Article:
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December 26, 2008


According to a story at Box Turtle Bulletin today, the Washington publication Roll Call reported that Congressional Democrats are now considering shelving debate on the repeal of "Don't Ask Don't Tell."

The talk is that they're not just thinking of putting it aside for a few months to give the Obama administration and the new congress time to settle-in. That would be almost logical and, to some degree, maybe even acceptable. But no. They seem to want to shelve it for 2 YEARS! That would be after the 2010 midterm elections. By that time, if the Democrats continue in this direction, they may end up not even being the majority - just like they did in 1996. In fact, they may never again be in as strong a position to do this as they will be next year when all of the newly elected minions assume their positions.

Apparently key Democrats, including some openly gay representatives, are afraid of stirring up the same hornet's nest that Clinton caused in 1992 when he tried to open the military to the GLBT community shortly after he took office. As most of you will remember, congress and the military went ballistic and that frenzied homophobia is what created the DADT policy to begin with.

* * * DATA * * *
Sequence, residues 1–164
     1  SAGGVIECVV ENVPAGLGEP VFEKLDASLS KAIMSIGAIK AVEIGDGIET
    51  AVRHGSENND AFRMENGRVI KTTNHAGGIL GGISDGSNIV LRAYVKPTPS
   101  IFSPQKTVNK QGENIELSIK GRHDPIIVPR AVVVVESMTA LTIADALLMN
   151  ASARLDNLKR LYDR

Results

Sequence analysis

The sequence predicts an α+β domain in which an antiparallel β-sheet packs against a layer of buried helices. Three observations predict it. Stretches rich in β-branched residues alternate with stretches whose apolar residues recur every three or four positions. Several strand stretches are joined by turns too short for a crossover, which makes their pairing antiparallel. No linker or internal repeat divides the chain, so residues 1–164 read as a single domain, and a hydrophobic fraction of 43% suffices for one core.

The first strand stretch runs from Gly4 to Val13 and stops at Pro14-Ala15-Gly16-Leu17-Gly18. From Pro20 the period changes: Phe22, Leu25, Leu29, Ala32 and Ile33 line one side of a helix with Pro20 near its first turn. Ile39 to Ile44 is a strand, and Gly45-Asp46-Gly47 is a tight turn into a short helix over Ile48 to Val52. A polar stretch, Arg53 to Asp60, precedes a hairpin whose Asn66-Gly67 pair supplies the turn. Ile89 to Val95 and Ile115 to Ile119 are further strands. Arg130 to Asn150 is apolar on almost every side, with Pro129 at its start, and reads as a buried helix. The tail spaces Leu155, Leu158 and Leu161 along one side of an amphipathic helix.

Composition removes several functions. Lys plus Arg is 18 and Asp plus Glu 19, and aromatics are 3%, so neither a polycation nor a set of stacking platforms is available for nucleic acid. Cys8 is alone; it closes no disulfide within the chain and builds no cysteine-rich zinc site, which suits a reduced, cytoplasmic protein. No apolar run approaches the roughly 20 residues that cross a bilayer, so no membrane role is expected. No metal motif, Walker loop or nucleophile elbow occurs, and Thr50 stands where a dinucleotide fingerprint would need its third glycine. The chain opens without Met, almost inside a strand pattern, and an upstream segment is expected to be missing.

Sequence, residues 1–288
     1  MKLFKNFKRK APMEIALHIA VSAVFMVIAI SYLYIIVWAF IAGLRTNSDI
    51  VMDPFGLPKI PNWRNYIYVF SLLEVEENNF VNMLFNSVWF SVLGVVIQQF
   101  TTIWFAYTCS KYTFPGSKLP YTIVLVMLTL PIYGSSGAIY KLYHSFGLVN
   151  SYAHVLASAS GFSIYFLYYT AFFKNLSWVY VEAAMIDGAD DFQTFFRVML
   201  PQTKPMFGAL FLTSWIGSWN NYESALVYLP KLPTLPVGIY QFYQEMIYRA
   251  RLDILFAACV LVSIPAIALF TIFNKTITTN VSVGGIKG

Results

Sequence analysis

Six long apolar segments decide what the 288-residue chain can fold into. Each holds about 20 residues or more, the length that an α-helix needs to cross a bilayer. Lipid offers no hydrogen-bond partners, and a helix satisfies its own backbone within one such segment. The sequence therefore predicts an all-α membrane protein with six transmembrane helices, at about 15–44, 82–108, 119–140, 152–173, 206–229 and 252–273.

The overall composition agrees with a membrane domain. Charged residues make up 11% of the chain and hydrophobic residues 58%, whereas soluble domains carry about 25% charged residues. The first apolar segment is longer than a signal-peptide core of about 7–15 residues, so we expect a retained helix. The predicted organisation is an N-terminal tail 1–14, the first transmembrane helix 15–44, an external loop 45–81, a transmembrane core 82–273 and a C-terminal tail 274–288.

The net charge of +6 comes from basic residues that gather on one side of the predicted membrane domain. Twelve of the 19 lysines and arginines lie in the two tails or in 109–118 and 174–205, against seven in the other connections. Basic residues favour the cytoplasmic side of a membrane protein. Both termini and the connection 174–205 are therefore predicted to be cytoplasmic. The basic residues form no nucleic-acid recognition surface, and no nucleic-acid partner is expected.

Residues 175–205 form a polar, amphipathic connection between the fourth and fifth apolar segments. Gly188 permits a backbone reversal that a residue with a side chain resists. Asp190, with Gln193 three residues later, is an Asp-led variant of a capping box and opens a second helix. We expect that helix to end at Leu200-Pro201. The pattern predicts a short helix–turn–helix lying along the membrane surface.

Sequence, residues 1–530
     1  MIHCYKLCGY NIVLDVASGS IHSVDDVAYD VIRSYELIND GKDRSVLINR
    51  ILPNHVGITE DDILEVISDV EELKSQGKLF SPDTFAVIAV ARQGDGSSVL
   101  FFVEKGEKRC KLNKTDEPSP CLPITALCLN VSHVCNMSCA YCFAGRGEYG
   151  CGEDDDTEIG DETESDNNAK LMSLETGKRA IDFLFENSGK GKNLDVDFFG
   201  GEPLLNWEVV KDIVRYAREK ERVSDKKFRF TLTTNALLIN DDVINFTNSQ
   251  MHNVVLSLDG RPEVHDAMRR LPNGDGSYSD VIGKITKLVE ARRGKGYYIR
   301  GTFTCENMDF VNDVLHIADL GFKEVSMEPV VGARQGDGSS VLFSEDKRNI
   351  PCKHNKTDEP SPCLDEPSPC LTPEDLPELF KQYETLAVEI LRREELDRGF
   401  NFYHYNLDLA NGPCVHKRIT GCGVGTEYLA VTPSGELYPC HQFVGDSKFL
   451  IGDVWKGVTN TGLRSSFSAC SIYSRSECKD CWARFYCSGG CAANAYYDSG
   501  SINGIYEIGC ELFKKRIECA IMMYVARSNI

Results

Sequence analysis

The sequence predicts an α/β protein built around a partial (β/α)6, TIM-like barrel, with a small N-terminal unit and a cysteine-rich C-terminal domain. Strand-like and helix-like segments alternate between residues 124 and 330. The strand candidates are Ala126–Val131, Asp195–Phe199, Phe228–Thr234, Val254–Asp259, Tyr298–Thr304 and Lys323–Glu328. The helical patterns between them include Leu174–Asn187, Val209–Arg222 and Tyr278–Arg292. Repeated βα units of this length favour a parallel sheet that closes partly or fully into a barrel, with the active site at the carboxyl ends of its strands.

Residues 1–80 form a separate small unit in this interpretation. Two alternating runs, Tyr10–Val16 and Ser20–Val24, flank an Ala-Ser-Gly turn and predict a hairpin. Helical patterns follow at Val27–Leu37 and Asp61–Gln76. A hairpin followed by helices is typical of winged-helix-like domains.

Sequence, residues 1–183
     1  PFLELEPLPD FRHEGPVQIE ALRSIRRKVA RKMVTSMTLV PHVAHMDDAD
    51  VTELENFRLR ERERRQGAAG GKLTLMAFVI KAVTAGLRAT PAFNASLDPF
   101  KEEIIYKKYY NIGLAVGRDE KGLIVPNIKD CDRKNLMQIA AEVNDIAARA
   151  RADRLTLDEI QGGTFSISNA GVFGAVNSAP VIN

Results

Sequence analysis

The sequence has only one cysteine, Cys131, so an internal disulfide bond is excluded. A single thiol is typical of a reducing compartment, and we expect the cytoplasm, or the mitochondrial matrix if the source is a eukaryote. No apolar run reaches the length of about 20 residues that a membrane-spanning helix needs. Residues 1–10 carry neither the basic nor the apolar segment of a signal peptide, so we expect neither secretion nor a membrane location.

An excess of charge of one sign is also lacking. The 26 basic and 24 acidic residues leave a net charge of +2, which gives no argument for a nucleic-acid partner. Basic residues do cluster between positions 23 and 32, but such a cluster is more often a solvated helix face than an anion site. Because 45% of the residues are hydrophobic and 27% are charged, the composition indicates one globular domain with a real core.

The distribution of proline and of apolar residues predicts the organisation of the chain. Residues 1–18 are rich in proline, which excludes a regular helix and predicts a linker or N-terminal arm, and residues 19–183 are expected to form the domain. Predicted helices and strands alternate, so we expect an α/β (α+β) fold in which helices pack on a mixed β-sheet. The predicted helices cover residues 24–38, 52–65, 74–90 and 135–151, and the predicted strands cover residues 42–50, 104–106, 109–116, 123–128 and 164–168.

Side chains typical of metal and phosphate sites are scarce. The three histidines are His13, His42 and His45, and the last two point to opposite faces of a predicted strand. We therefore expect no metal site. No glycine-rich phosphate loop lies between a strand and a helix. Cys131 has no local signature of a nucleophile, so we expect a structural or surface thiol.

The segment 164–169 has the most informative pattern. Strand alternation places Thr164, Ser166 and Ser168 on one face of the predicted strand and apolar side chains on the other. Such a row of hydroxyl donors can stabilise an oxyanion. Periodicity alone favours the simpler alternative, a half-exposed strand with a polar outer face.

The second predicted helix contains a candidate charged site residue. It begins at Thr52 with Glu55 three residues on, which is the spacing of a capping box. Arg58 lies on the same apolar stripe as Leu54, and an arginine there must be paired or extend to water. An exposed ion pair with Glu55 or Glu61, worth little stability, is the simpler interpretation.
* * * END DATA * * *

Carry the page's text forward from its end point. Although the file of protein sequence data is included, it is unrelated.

I'm sure that many Democrats blamed their 1996 loss on that debacle. They're wrong. What defeated them is that they had control of the house, the senate and the presidency (like now) but couldn't agree on just about anything and backed down on everything their party was supposed to stand for - defending the little guy and simply doing what's right.

Their logic now is absolutely mind-boggling to me. This is not 1992. This time around, the repeal has the expressed support of Colin Powell, who was then the Chairman of the Joint Chiefs of Staff and was one of the most outspoken opponents of allowing gays to serve openly. It also has the support of a majority of the country (according to the lastest polls) as well as an impressive number of retired Generals and Admirals who served during those years and were just as opposed to it as Powell used to be.

All of them cite the reality that the country's attitudes have changed significantly since then. They also recognize that the countries that have allowed gays to serve openly in their ranks haven't experienced any of the doomsday effects they had all feared in 1992. They have all said publicly that NOW is the time to reconsider this policy.

What I would say to the Democrats is "tread lightly." The GLBT community spent a lot of time, a lot of manpower and A LOT OF MONEY to help get you elected. And, thanks to Proposition 8, we're a lot more organized and a lot more activist oriented down on the streets now than we were before the election. I haven't seen this much anger, activism and commitment since my involvement with the Gay Activist Alliance in New York in the early 70's.

The fire we all felt then has been reignited today and it's not going to dim anytime soon. In fact, if there isn't the substantial progress our community now expects, that fire is only going to grow hotter and brighter.

I'm hoping they'll come to their senses and reconsider their plans.